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Fictional Worlds: Traditions in Narrative and the Age of Visual Culture, Vols. I-IV (Storytelling on Screen) Paperback – October 7, 2013
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"It is beautiful and most ambitious work. FICTIONAL WORLDS is especially suitable for screenwriting students, and this book's ideas on genre are very good as well. A formidable achievement." — Professor Stephen Mamber, Chair, Cinema and Media Studies, University of California, Los Angeles
Five stars! Well-engineered and easy to follow “Fictional Worlds” was created with moviemakers in mind. It would easily fit into most film curricula and would be useful resources for classic literature and fiction writing courses. This book’s true value lies in its universal appeal: there is truly something of interest to anyone. Intriguingly, Alexander argues that our methods of storytelling are connected to the very heart of human society and culture. As our species navigates its way into a globally integrated era our stories will continue to grow and evolve with us.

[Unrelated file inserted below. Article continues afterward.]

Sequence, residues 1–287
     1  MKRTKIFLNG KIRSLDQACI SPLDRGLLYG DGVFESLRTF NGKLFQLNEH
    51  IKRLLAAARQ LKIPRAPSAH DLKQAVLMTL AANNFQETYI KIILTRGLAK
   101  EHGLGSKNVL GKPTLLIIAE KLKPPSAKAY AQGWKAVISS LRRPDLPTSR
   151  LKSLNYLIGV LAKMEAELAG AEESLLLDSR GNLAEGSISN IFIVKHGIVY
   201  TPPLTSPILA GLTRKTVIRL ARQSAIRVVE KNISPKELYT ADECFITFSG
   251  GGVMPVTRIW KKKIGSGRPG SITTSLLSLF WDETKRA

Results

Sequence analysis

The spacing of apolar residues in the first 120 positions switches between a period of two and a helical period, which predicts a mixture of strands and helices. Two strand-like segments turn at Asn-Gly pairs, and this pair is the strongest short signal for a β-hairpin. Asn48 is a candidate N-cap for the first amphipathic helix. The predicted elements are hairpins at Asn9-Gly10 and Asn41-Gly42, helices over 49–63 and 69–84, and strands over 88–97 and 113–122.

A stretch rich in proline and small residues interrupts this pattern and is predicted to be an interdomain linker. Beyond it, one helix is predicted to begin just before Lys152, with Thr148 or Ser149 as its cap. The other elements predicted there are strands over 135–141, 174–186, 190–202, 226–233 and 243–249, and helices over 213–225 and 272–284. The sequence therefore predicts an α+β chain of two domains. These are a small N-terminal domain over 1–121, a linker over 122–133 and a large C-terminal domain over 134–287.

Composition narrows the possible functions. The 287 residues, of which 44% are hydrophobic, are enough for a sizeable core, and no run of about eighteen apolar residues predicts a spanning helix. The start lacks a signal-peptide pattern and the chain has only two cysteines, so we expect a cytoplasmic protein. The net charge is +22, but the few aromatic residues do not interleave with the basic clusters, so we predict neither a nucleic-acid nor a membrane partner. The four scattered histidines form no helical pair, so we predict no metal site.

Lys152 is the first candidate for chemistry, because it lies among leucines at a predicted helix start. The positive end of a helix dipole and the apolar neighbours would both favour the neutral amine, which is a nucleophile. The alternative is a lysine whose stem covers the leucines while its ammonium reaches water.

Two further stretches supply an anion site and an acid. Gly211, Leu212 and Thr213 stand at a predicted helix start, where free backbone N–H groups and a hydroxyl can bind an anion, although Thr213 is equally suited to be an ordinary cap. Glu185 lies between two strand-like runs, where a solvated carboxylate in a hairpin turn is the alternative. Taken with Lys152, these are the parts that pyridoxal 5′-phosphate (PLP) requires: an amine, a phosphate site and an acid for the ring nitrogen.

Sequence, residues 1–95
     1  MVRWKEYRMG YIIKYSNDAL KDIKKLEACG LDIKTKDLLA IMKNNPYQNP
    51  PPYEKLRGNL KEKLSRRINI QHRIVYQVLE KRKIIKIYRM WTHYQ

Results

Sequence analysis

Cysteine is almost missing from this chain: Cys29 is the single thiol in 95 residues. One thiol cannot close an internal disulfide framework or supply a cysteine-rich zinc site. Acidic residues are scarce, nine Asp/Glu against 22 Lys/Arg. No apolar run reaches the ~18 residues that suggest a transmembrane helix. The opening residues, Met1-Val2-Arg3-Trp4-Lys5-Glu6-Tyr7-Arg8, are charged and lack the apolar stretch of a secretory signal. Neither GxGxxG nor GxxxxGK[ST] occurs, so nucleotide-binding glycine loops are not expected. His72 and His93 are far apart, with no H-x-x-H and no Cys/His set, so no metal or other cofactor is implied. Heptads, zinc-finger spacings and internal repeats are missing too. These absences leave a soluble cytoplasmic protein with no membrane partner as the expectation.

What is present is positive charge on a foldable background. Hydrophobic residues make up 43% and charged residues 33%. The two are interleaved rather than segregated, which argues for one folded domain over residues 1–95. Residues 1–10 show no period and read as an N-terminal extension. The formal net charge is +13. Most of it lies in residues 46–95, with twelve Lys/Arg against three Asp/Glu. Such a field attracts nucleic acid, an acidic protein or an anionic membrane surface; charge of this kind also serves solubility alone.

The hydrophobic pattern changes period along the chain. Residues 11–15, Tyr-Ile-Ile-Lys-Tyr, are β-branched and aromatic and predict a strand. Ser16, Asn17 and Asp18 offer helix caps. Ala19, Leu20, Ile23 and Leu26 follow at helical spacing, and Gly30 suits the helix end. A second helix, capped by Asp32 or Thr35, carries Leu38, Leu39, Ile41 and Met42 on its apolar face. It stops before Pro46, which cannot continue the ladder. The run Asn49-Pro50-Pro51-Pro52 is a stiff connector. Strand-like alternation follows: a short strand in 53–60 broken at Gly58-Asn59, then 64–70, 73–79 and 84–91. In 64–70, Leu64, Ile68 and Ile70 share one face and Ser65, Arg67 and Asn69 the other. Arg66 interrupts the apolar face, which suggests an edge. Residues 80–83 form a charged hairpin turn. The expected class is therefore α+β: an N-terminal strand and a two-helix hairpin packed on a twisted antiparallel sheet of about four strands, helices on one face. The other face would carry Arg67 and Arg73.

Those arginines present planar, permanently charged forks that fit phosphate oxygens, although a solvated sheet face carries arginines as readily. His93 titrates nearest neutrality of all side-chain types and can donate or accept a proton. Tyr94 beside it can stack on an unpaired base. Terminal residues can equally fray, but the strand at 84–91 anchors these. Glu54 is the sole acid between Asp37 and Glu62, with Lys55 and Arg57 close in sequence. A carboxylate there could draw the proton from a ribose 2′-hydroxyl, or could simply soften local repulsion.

- Red City Literary Review
This sober, thoughtful resource speaks to the writers of all backgrounds, while exploring symbolic storytelling, the hero's journey, the elements of a finely crafted tragedy, film noir as a breakout new genre, or the talent of comedy that creates amazing mirth from the foibles of ordinary people. "Drama, tragedy, and the dystopian fictional worlds allow us to examine possible paths that humankind should not take, creating a narrative encyclopedia of missteps, or an extended list of Commandments: the demonstration of the logical consequences of doing what 'Thou Shalt Not.'"
- Midwest Book Review
"Fictional Worlds" offered a wholly original approach to studies of narrative and is noteworthy as well for its cross-cultural, cross-historical, and interdisciplinary scope, along with its rich range of examples and its clear accessible style. - Ellen E. Berry, Professor of English and Critical and Cultural Studies, Director, Institute for the Study of Culture and Society, BGST, author of "Postcommunism and the Body Politic"; co-author of "Transcultural Experiments"